Nano Letters 06/2015; DOI:10.1021/nl5045583
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    ABSTRACT: Quantum optical circuits can be used to generate, manipulate and exploit non-classical states of light to push semiconductor based photonic information technologies to the quantum limit. Here, we report the on-chip generation of quantum light from individual, resonantly excited self-assembled InGaAs quantum dots, efficient routing over length scales ≥1 mm via GaAs ridge waveguides and in-situ detection using evanescently coupled integrated NbN superconducting single photon detectors fabricated on the same chip. By temporally filtering the time-resolved luminescence signal stemming from single, resonantly excited quantum dots we use the quantum optical circuit to perform time-resolved excitation spectroscopy on single dots and demonstrate resonance fluorescence with a line-width of 10 ± 1 µeV; key elements needed for the use of single photons in prototypical quantum photonic circuits.
    Nano Letters 06/2015; DOI:10.1021/acs.nanolett.5b01444
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    ABSTRACT: Non-crystalline semiconductor materials often exhibit hysteresis in charge transport measurements whose mechanism is largely unknown. Here we study the dynamics of charge injection and transport in PbS quantum dot (QD) monolayers in a field effect transistor (FET). Using Kelvin probe force microscopy, we measured the temporal response of the QDs as the channel material in a FET following step function changes of gate bias. The measurements reveal an exponential decay of mobile carrier density with time constants of 35 s for holes and ~10 s for electrons. An Ohmic behavior, with uniform carrier density, was observed along the channel during the injection and transport processes. These slow, uniform carrier trapping processes are reversible, with time constants that depend critically on the gas environment. We propose that the underlying mechanism is some reversible electrochemical process involving dissociation and diffusion of water and/or oxygen related species. These trapping processes are dynamically activated by the injected charges, in contrast with static electronic traps whose presence is independent of the charge state. Understanding and controlling these processes is important for improving the performance of electronic, optoelectronic, and memory devices based on disordered semiconductors.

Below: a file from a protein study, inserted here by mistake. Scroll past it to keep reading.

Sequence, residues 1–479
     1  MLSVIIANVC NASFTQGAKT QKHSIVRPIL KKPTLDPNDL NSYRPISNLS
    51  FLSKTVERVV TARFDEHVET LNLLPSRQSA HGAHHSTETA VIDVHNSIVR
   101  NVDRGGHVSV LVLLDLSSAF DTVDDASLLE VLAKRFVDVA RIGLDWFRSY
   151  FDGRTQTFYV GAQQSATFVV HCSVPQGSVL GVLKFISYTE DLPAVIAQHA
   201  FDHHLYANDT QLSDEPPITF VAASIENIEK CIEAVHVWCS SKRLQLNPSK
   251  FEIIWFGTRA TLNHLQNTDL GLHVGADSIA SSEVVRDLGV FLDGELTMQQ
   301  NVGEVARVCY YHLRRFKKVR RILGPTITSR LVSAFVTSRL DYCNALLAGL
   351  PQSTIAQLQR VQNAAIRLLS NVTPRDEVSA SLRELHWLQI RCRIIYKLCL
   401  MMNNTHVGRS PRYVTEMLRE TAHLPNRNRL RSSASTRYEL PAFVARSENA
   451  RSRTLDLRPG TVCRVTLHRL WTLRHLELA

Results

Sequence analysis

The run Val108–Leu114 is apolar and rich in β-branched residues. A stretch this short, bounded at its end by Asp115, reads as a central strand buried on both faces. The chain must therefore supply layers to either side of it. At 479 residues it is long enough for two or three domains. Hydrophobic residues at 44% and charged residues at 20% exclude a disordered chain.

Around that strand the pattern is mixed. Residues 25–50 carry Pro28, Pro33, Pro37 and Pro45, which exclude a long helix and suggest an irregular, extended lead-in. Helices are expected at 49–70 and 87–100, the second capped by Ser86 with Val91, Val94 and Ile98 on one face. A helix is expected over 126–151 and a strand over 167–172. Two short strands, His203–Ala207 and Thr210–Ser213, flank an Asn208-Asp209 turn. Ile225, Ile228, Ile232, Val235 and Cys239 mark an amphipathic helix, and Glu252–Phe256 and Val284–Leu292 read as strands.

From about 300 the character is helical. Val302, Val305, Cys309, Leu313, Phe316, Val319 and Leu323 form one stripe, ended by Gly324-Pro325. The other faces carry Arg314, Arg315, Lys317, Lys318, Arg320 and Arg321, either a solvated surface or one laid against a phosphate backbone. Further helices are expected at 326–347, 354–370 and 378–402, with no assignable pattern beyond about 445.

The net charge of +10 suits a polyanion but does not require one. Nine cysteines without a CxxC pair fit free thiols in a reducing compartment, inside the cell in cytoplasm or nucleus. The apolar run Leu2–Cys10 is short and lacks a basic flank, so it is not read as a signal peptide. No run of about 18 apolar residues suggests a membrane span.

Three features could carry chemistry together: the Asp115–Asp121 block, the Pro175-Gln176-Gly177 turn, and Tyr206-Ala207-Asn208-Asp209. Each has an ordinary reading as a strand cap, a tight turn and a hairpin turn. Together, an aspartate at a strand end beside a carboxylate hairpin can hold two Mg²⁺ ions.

Nano Letters 06/2015; DOI:10.1021/acs.nanolett.5b01429
  • Jaesung Jo, Woo Young Choi, Jung-Dong Park, Jae Won Shim, Hyun-Yong Yu, Changhwan Shin
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    ABSTRACT: Because of the "Boltzmann tyranny" (i.e., the nonscalability of thermal voltage), a certain minimum gate voltage in metal-oxide-semiconductor (MOS) devices is required for a tenfold increase in drain-to-source current. The subthreshold slope (SS) in MOS devices is, at best, 60 mV/decade at 300 K. Negative capacitance in organic/ferroelectric materials is proposed in order to address this physical limitation in MOS technology. Here, we experimentally demonstrate the steep switching behavior of a MOS device-i.e., SS ~ 18 mV/decade (much less than 60 mV/decade) at 300 K-by taking advantage of negative capacitance in a MOS gate stack. This negative capacitance, originating from the dynamics of the stored energy in a phase transition of a ferroelectric material, can achieve the step-up conversion of internal voltage (i.e., internal voltage amplification in a MOS device). With the aid of a series-connected negative capacitor as an assistive device, the surface potential in the MOS device becomes higher than the applied gate voltage, so that a SS of 18 mV/decade at 300 K is reliably observed.
    Nano Letters 06/2015; DOI:10.1021/acs.nanolett.5b01130
  • Tomohiro Nozawa, Hiroyuki Takagi, Katsuyuki Watanabe, Yasuhiko Arakawa
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    ABSTRACT: We present the first direct observation of two-step photon absorption in an InAs/GaAs single quantum dot (QD) using photocurrent spectroscopy with two lasers. The sharp peaks of the photocurrent are shifted due to the quantum confined Stark effect, indicating that the photocurrent from a single QD is obtained. In addition, the intensity of the peaks depends on the power of the secondary laser. These results reveal the direct demonstration of the two-step photon absorption in a single QD. This is an essential result for both the fundamental operation and the realization of ultrahigh solar-electricity energy conversion in quantum dot-intermediate band solar cells.
    Nano Letters 06/2015; DOI:10.1021/acs.nanolett.5b00947